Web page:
postStratify {survey} | R Documentation |

Post-stratification adjusts the sampling and replicate weights so that
the joint distribution of a set of post-stratifying variables matches
the known population joint distribution. Use `rake`

when
the full joint distribution is not available.

postStratify(design, strata, population, partial = FALSE, ...) ## S3 method for class 'svyrep.design': postStratify(design, strata, population, partial = FALSE, compress=NULL,...) ## S3 method for class 'survey.design': postStratify(design, strata, population, partial = FALSE, ...)

`design` |
A survey design with replicate weights |

`strata` |
A formula or data frame of post-stratifying variables |

`population` |
A `table` , `xtabs` or `data.frame`
with population frequencies |

`partial` |
if `TRUE` , ignore population strata not present in
the sample |

`compress` |
Attempt to compress the replicate weight matrix? When
`NULL` will attempt to compress if the original weight matrix
was compressed |

`...` |
arguments for future expansion |

The `population`

totals can be specified as a table with the
strata variables in the margins, or as a data frame where one column
lists frequencies and the other columns list the unique combinations
of strata variables (the format produced by `as.data.frame`

acting on a `table`

object). A table must have named dimnames
to indicate the variable names.

Compressing the replicate weights will take time and may even increase memory use if there is actually little redundancy in the weight matrix (in particular if the post-stratification variables have many values and cut across PSUs).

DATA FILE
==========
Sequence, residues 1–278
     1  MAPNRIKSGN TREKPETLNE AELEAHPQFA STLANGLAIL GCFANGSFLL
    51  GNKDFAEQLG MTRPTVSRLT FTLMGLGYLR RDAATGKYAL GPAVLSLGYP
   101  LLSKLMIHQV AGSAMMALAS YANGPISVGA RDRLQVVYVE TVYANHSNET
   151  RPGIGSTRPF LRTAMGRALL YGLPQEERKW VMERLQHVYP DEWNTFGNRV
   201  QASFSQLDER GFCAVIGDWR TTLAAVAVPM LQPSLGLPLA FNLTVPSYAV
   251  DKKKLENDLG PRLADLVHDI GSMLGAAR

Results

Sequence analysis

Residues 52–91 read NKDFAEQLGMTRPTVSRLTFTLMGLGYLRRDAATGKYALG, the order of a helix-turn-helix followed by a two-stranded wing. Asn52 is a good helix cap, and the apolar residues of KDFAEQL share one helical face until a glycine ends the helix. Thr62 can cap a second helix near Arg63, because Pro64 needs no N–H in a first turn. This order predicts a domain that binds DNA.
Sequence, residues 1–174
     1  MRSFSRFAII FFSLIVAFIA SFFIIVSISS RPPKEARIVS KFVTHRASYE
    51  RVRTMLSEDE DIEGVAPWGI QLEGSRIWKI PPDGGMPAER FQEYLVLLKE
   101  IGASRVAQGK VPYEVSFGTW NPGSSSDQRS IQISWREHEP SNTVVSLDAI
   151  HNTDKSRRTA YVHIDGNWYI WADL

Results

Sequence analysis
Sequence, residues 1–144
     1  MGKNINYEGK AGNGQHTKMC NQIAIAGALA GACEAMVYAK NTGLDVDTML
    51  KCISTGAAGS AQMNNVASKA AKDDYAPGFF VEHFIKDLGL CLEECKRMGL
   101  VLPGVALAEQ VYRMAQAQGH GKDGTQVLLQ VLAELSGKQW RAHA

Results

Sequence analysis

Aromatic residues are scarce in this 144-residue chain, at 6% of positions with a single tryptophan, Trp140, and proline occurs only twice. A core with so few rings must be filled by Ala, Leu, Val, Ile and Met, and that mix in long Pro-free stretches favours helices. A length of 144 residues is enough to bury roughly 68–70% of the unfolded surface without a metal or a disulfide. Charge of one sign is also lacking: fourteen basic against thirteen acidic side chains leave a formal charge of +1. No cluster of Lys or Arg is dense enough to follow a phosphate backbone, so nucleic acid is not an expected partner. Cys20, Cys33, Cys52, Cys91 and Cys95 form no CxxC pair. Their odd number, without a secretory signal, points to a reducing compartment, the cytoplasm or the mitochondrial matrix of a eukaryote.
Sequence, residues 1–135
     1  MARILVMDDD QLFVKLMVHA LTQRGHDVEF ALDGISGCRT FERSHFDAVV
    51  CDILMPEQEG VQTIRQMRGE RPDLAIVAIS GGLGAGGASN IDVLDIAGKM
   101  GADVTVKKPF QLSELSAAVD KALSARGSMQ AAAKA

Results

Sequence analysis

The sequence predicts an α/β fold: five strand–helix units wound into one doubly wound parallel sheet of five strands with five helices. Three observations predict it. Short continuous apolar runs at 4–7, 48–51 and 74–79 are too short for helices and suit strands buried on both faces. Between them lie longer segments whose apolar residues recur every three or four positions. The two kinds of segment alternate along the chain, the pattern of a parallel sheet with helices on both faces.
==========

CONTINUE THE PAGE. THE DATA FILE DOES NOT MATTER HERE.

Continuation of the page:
If a `svydesign`

object is to be converted to a replication
design the post-stratification should be performed after conversion.

The variance estimate for replication designs follows the same
procedure as Valliant (1993) described for estimating totals. Rao et
al (2002) describe this procedure for estimating functions (and also
the GREG or g-calibration procedure, see `calibrate`

)

A new survey design object.

If the sampling weights are already post-stratified there will be no
change in point estimates after `postStratify`

but the standard
error estimates will decrease to correctly reflect the post-stratification.
See http://www.dcs.napier.ac.uk/peas/exemplar1.htm for an example.

Valliant R (1993) Post-stratification and conditional variance estimation. JASA 88: 89-96

Rao JNK, Yung W, Hidiroglou MA (2002) Estimating equations for the analysis of survey data using poststratification information. Sankhya 64 Series A Part 2, 364-378.

`rake`

, `calibrate`

for other things to do
with auxiliary information

`compressWeights`

for information on compressing weights

data(api) dclus1<-svydesign(id=~dnum, weights=~pw, data=apiclus1, fpc=~fpc) rclus1<-as.svrepdesign(dclus1) svymean(~api00, rclus1) svytotal(~enroll, rclus1) # post-stratify on school type pop.types <- data.frame(stype=c("E","H","M"), Freq=c(4421,755,1018)) #or: pop.types <- xtabs(~stype, data=apipop) #or: pop.types <- table(stype=apipop$stype) rclus1p<-postStratify(rclus1, ~stype, pop.types) summary(rclus1p) svymean(~api00, rclus1p) svytotal(~enroll, rclus1p) ## and for svydesign objects dclus1p<-postStratify(dclus1, ~stype, pop.types) summary(dclus1p) svymean(~api00, dclus1p) svytotal(~enroll, dclus1p)

[Package *survey* version 3.18 Index]